A summary of the 2015 disclosures shows Polis listing assets for a blind trust in the range of $25 to $50 million. However, based on estimates from the Center for Responsive Politics, Polis had at least four other assets listed in the same monetary range, making it a reasonable estimate that his blind trust only represented between 10 and 30 percent of his overall wealth. And his investments in BridgeHealth, which have continued well into 2015, have never been in the blind trust.
The Washington Free Beacon asked Polis and his campaign if restricting his investments to strictly private companies, which BridgeHealth is, presented a more ethical option than investing in public companies. No comment was provided to that question and several others.
The Boulder-based congressman emphasized in 2012 that his investments into BridgeHealth were loans.
"I have loaned this business money virtually every quarter since its founding in order to sustain its operations and to avoid layoffs," the congressman wrote. "I am not otherwise involved in this company as either an employee or board member."
Many of the BridgeHealth transactions documented by Polis in his disclosures list them as "Convertible Notes Receivable."
"A convertible note is an investment vehicle often used by seed investors investing in startups who wish to delay establishing a valuation for that startup until a later round of funding or milestone," according to FundersClub.com. "Convertible notes are structured as loans with the intention of converting to equity. The outstanding balance of the loan is automatically converted to equity at a specific milestone, often at the valuation of a later funding round. In order to compensate the angel investor for the additional risk of investing in the earlier round, convertible notes will sometimes have additional clauses, such as caps, and or discounts."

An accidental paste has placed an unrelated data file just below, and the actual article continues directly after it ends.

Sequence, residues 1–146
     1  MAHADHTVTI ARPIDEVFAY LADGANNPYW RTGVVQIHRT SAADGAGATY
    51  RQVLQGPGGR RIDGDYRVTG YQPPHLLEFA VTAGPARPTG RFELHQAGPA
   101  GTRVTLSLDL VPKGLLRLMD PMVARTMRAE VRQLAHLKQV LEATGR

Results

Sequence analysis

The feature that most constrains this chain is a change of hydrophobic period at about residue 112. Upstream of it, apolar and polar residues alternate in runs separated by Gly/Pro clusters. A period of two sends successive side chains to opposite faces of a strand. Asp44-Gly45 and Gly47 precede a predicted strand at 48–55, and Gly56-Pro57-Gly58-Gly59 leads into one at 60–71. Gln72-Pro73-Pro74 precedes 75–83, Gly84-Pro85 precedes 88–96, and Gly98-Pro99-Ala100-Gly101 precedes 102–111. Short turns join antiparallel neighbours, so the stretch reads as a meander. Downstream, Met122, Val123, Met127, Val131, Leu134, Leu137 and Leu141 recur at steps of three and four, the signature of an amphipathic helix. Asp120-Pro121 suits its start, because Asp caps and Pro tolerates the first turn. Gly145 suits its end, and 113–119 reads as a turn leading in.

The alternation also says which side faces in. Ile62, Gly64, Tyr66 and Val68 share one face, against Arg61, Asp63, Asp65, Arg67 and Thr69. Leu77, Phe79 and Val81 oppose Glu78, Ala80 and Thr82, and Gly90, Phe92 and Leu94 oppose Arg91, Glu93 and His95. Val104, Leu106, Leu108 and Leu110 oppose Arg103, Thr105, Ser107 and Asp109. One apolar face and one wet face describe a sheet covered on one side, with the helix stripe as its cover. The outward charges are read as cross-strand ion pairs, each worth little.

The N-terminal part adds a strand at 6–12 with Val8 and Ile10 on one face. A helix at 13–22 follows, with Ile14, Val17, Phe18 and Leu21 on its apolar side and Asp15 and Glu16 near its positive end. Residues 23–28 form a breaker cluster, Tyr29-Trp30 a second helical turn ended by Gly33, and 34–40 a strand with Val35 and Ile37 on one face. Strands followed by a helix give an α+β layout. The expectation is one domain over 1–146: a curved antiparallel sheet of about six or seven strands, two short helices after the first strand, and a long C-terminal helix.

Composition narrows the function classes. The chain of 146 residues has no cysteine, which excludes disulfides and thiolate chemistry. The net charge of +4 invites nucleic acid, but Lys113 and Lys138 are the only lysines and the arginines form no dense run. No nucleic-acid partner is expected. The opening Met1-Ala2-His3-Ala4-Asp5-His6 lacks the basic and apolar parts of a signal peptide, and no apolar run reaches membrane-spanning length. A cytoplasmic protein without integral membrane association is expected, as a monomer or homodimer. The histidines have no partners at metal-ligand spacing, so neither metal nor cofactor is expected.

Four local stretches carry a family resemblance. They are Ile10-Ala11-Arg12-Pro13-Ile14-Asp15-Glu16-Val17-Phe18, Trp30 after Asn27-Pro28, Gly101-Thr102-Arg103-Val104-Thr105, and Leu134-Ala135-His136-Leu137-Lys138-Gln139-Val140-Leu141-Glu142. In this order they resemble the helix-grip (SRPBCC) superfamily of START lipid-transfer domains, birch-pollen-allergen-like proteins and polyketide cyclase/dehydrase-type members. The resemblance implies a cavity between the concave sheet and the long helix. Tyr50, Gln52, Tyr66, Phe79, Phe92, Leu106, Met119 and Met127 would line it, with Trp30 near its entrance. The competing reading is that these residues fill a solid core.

According to 2015 disclosures—the last year for which CRP aggregated, estimated, and sorted all of the financial information for the congressman—Polis had an equity position in BridgeHealth somewhere between $5 and $25 million, and he had "note/note receivable" positions in the company for the same asset range.
Polis built his wealth at an early age through entrepreneurial endeavors, most of them technology related, and has used his wealth to self-finance most of his political ambitions. He is currently sponsoring a bill that would reverse the tax cuts from the 2017 bill passed mainly by the GOP in party-line votes.
He's also well known in Colorado as one of the so-called "Gang of Four"—four multi-millionaires who donated heavily to create a Democrat-based advocacy structure of non-profits and media organizations that remained outside of the reach of the party itself. It's generally accepted that the results of the "blueprint" by the Gang of Four showed enormous success between the years 2004 and 2006, when Democrats began taking back majorities in the state general assembly and winning back the governor's chair. After those successes, Democrats at both the national and state levels began duplicating many of the strategies Polis and the others had invented and deployed.